Against this backdrop, analysts generally foresee material financial decay in several retail sector companies’ earnings reports in the week ahead, with negative quarterly EPS outlooks on J.C. Penney (NYSE: JCP), Nordstrom (NYSE: JWN), L Brands (NYSE: LB) and TJX Cos (NYSE: TJX), to name a few.
Moreover, while traditional retail shops have long been threatened by on-line consumerism (non-store retail sales climbed 21.6% year-over-year in April), many in the market fear the psychological and emotional fallout from social distancing and ‘stay-at-home’ policies may pose greater challenges for physical stores even after restrictions are lifted.
Travel bans and a related drop in tourism, as well as recent store closures and bankruptcy filings, such as J. Crew, Neiman Marcus, and Papyrus, only seem to compound the adverse impacts for retail and the broader service industry.
IHS Markit chief business economist Chris Williamson recently noted that measures to combat the Covid-19 outbreak “mean vast swathes of the service sector has been especially hard hit by travel restrictions and social distancing, with temporary company closures and dramatically reduced demand resulting in an overall drop in activity of even greater magnitude than seen during the height of global financial crisis.”
He continued that “while manufacturing may see a rebound in production as increasing numbers of factories are allowed to re-open, prospects look bleaker for many parts of the services economy, especially where businesses rely on travel, social gatherings or close contact with customers.
“Businesses such as airlines, bars, restaurants, cinemas, sports arenas and other recreational activities will likely be at the back of the line in terms of being able to re-open to anything like previous capacity levels, meaning the recovery will be long and slow.”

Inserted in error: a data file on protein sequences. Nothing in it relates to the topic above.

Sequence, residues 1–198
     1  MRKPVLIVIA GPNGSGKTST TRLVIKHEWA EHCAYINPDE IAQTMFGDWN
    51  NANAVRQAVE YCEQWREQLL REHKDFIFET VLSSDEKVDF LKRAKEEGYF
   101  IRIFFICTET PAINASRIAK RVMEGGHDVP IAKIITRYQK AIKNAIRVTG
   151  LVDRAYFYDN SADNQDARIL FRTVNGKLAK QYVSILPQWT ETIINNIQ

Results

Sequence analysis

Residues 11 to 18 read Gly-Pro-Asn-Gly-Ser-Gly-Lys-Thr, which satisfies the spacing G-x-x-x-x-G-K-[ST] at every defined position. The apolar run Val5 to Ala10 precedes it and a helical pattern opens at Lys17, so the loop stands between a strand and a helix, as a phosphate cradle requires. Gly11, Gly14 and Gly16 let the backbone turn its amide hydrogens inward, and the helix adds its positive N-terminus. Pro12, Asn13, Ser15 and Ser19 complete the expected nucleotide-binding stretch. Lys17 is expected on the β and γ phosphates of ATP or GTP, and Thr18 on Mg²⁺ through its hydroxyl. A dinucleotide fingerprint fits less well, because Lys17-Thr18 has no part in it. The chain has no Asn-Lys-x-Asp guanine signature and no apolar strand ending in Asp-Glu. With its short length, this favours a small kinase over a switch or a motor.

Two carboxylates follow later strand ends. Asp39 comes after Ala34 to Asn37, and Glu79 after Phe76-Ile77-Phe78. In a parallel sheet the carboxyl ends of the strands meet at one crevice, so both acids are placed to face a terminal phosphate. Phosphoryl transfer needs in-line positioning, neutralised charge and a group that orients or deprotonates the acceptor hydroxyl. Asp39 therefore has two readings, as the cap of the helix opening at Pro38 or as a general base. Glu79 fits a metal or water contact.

Investors will be eyeing the preliminary May figures for IHS Markit’s services and manufacturing PMIs Thursday, which economists surveyed by Bloomberg think could rise to 32.5 and 37.5, respectively, from the prior month’s levels of 26.7 and 36.1 – likely in response to the easing of Covid-19-related restrictions in many states.
Market participants will also receive a slew of salient updates on the domestic housing market in the week ahead, as well as a long list of retail sector earnings.
On the Calendar:
Mon, May 18
- NAHB Housing Market Index (May)
Tue, May 19
- Building Permits (Apr)
- Housing Starts (Apr)
- American Petroleum Institute (API) Crude Oil Stocks
- J C Penney
- Kohls (NYSE: KSS)
- Walmart (NYSE: WMT)
Wed, May 20
- MBA Mortgage Applications (Apr)
- U.S. Energy Information Administration (EIA) Crude Oil Stocks
- Federal Open Market Committee Meeting Minutes (April 28-29)
- Expedia Group (NASDAQ: EXPE)
- L Brands
- Lowe’s (NYSE: LOW)
- Target (NYSE: TGT)
Thu, May 21
- Initial Jobless Claims (Weekly)
- IHS Markit U.S. Manufacturing PMI (Prelim – May)
- IHS Markit U.S. Services PMI (Prelim – May)
- IHS Markit U.S. Composite PMI (Prelim – May)
- Existing Home Sales (Apr)
- Best Buy (NYSE: BBY)
- Groupon (NASDQ: GRPN)
- Lions Gate Entertainment (NYSE: LGF.A)
- Ross Stores (NASDAQ: ROST)
- TJX Companies
Fri, May 22
- Foot Locker (NYSE: FL)
In the meantime, select the Event Calendar option in the IBKR Trader Workstation for a full list of U.S. and global corporate events and earnings, dividend schedules, economic data, IPOs and more.